The United States is in the midst of a turbulent phase in its history. The economy teeters, extremism is on the rise and the future is bleak, particularly for students such as myself. Meanwhile, the government appears woefully incompetent for the task of rebuilding the United States’ glory and confidence. In these troubling times, we need a president who will emulate the qualities of Aharon HaKohen.

Avi Siegal is a freshman at SAR High School in New York.

The Case for Esther, Advocate for Minorities

By Talia Weisberg

An orphan raised by her uncle, she was suddenly chosen to become her nation’s leader. Although she did not want this position, she took advantage of her power and stood up for a minority group facing discrimination. An observant Jew, she managed to keep her religion out of politics and vice versa. This woman Queen Esther, the biblical woman whose miraculous rescue of Persian Jewry we celebrate every year during Purim. If I could choose a Jewish leader to be president of the United States, I would vote for Esther because of her dedication to protecting every individual’s rights and her ability to balance private life as a Jew and political life as a secular leader.

Most minority groups living in the United States are disadvantaged in some way; for example, an African-American man and woman earn, respectively, only 71 and 70 cents for every dollar a white man earns. It is imperative that the president stand up for the rights of minority groups and ensure that every American can dedicate his or her talents to better society.

Esther’s track record in this issue is excellent: she stood up for the Jewish people, who were the oppressed minority of Persia, and demanded that King Ahasuerus protect them from Haman’s evil plot (Esther 7:3-6). Esther did this at great risk to her own life, as she approached the king without being summoned, a capital offense. She did not care that Ahasuerus was unlikely to grant her request; she was determined to do everything in her power to help the oppressed Jews. I would definitely vote for someone so dedicated to helping every victim of discrimination.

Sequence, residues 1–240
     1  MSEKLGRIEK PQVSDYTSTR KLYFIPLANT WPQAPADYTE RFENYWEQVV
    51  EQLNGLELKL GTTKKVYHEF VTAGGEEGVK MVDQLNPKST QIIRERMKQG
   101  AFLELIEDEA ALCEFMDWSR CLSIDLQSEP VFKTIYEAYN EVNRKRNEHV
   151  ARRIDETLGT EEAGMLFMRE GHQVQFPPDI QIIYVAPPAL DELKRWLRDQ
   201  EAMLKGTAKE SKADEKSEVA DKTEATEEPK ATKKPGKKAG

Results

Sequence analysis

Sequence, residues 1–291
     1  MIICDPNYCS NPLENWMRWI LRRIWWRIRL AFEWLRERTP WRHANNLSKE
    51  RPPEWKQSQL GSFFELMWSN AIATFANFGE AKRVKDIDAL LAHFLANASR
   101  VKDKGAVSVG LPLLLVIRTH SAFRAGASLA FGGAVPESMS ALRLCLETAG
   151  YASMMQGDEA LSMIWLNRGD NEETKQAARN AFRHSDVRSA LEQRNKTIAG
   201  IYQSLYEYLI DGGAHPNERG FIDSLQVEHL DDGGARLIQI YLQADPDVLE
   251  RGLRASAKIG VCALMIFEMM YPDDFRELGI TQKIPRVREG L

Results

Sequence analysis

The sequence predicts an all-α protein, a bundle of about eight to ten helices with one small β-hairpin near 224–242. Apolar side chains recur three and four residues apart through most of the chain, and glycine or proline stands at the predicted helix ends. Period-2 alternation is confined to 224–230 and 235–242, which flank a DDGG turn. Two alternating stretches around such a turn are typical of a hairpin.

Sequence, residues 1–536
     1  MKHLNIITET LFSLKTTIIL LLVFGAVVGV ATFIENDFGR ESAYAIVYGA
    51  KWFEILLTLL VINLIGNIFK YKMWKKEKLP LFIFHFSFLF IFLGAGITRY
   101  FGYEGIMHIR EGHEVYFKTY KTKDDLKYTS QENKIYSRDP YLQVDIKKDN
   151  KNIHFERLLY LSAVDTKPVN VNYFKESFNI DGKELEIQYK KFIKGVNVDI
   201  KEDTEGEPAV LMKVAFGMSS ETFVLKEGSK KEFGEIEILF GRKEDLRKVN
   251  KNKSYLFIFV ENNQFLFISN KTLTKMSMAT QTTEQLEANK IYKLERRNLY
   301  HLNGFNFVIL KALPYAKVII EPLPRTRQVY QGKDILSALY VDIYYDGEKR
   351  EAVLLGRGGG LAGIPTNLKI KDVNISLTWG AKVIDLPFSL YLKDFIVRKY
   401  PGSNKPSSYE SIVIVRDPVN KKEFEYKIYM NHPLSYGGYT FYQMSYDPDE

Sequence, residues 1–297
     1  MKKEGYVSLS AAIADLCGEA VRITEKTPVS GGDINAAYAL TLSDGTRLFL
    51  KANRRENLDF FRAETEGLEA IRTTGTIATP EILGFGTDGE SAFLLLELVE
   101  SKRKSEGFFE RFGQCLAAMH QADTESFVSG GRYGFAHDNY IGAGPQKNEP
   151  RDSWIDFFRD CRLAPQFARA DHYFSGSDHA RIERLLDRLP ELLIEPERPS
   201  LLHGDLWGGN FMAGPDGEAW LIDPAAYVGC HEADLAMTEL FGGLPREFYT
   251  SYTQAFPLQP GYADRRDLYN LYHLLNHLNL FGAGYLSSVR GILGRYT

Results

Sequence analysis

A president must also be able to separate his or her private and public lives. Although the personal may be the political, a president whose home life interferes with his/her leadership is a liability to the American people. One such example is Bill Clinton, whose widely-publicized affair with White House employee Monica Lewinsky still haunts America’s image. Esther did not suffer from Clinton’s inability to separate the private from public. She possessed two complementary identities: the religious Jew and the secular leader. Neither was compromised by the other. Both existed and thrived independently. A devout Jew, she kept halacha stringently when she lived in the palace; a savvy politician, she wrote the law that reversed Haman’s decree to kill the Jews. Esther’s expertise at balancing her dual identity as a lay leader and observant Jew, her capability of keeping the personal and political separate, would certainly garner my vote.

The name Esther means hidden. The biblical queen’s actions truly lived up to her name. She saved the Jews, an underrepresented — almost hidden — minority group from destruction and discrimination. She also managed to keep her private life as a Jew hidden from the face of the public. I will vote for the first time in the next presidential election, and I wish that Queen Esther’s name could be on the ballot. She would definitely get my vote.

Talia Weisberg is a senior at Manhattan High School for Girls.